Professor Susan Merrill

Professor Susan Merrill is an adjunct professor at Brigham Young University. Her previous assignments included Senior Governance Advisor at the U.S. Peacekeeping and Stability Operations Institute (PKSOI), U.S Army War College (USAWC). As a senior official with the U.S. Agency for International Development (USAID), she has had extensive experience in conflict and post-conflict countries in Latin America, Asia, and Africa. She has served in El Salvador, Liberia, Nicaragua, and Cambodia, as well as Bosnia and Iraq. Ms. Merrill was the first USAID representative to the USAWC and PKSOI in 2005. In 2002-03, she was selected to lead a USAID-wide Taskforce on U.S. Foreign Aid in the National Interest, an examination of the successes and failures of foreign aid and the role of aid in U.S. foreign policy. In her overseas assignments, she was Acting Mission Director, Cambodia, and held senior level positions in missions in El Salvador, Liberia, Nicaragua, and Cambodia. She is an expert in post-conflict reconstruction and governance, conflict prevention and mitigation, and economic stabilization and recovery.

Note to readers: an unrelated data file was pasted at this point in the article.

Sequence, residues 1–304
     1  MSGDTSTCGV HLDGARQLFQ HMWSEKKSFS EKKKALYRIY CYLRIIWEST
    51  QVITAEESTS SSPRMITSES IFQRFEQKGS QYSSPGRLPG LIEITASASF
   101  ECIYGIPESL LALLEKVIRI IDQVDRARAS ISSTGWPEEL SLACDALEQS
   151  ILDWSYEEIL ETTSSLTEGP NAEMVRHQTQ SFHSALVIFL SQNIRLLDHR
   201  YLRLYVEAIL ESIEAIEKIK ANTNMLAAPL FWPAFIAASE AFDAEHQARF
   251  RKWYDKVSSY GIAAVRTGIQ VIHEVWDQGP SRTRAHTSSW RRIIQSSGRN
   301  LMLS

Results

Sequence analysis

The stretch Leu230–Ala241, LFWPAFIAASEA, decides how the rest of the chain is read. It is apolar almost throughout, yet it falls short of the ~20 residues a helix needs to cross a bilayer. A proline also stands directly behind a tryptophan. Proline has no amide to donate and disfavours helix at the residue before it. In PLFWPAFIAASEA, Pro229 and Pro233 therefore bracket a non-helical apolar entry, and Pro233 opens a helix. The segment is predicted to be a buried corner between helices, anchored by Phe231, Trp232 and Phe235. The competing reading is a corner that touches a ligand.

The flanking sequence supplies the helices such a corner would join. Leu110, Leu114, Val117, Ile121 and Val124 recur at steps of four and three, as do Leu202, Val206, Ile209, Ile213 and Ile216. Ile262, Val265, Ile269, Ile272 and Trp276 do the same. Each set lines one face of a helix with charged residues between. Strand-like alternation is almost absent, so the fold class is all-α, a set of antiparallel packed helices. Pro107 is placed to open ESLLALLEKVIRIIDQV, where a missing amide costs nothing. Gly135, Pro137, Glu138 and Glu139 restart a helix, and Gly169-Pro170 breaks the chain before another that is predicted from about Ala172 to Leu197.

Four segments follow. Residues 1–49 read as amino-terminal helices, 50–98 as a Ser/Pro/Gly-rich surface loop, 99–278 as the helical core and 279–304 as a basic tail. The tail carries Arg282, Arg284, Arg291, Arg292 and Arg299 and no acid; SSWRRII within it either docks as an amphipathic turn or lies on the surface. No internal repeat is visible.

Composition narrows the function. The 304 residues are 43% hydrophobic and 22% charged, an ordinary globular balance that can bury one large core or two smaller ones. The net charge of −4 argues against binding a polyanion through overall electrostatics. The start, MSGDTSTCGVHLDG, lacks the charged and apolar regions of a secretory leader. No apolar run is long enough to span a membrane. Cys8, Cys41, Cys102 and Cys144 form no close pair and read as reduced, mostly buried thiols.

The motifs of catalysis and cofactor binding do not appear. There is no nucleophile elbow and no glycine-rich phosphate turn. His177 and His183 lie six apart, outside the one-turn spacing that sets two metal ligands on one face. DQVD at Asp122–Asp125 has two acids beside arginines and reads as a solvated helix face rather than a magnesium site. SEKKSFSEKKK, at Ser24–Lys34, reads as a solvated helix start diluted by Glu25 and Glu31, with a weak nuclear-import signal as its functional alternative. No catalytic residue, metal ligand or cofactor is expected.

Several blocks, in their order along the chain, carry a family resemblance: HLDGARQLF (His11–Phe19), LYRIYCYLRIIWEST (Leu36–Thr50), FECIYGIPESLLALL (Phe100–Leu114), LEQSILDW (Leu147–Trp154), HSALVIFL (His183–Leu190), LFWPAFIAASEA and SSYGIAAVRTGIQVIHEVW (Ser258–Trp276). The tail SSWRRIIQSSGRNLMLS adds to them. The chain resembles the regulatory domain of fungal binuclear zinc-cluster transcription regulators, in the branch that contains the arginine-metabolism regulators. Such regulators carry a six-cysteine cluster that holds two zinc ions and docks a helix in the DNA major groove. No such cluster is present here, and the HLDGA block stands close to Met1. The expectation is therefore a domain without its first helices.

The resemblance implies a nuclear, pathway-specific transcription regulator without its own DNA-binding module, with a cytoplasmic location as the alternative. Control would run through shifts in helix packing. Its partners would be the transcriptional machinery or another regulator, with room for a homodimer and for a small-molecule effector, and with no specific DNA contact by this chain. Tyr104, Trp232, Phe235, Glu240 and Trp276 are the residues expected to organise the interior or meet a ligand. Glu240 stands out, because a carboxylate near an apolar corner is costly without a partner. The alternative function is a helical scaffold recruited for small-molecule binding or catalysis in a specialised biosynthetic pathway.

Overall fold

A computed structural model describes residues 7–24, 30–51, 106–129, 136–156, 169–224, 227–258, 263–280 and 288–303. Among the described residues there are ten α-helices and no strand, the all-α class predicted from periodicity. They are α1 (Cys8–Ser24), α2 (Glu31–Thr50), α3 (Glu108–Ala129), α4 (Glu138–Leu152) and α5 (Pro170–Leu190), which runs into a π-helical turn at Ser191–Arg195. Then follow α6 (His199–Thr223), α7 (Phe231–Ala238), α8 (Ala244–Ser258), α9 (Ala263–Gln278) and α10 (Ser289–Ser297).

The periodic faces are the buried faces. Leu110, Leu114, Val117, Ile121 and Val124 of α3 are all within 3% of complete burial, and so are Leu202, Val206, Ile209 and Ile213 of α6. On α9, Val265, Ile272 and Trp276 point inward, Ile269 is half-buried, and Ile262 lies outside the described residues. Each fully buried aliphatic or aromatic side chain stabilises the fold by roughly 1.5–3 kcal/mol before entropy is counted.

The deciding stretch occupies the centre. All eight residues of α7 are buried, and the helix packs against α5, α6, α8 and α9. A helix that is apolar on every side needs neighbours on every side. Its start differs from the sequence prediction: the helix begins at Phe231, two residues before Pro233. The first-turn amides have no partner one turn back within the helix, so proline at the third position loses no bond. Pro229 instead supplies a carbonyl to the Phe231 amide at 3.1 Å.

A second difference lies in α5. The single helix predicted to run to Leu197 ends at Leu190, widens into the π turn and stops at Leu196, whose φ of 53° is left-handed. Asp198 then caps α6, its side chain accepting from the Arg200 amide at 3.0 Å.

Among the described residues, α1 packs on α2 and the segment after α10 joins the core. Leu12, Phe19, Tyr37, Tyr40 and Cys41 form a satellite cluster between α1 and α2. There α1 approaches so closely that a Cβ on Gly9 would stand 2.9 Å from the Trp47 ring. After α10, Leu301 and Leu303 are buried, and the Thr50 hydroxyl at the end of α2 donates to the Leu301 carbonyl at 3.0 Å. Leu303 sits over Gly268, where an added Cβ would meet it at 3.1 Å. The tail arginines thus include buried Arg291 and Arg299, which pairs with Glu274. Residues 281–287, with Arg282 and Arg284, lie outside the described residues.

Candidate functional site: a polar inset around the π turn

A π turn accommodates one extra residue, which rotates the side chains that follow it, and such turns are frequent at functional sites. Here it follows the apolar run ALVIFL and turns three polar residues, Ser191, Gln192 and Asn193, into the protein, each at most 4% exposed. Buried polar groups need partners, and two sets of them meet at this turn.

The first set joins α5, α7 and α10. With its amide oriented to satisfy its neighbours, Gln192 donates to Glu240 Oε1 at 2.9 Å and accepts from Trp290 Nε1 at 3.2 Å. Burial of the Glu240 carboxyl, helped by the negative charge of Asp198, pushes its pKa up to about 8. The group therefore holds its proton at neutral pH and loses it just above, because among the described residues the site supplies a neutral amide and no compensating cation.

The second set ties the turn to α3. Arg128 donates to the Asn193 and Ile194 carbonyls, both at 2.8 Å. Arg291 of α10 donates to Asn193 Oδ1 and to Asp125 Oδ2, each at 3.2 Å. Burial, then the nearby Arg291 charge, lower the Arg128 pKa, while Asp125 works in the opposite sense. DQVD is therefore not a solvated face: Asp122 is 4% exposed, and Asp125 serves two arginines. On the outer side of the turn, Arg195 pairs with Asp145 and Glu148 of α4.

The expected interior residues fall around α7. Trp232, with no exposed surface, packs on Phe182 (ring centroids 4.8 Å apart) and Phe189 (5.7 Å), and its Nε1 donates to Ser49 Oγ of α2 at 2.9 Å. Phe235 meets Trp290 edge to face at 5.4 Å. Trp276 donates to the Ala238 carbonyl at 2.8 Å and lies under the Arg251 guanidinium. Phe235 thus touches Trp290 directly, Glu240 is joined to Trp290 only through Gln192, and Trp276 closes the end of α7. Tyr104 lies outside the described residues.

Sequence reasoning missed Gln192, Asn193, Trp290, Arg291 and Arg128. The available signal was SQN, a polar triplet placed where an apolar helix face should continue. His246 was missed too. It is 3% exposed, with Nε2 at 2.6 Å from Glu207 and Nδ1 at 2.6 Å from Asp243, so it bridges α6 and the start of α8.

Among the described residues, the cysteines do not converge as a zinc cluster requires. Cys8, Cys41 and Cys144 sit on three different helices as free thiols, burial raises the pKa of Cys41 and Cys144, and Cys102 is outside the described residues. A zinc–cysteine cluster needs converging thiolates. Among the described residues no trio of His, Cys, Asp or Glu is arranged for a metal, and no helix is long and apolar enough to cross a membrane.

Natalie Romeri-Lewis

Professor Natalie Romeri-Lewis studied international development, forced migration, and law, exploring judicial reform and women’s informal power in developing nations.  She has worked in judicial chambers and NGOs, consulted internationally, and presented at the UN on women negotiating peace.  Currently, she teaches international development and is designing new classes at Brigham Young University. She also manages projects and collects data for The WomanStats Project, the largest compilation of information on the status of women, examining 360 variables on laws, institutions, practices, and prevalence across 175 countries.  Natalie’s current research focuses on women in urban poverty in Colombia, the benefits of and points of entry for high female involvement during peace negotiations and transitional justice periods, and the pro-development outcomes of legislatures with larger ratios of females.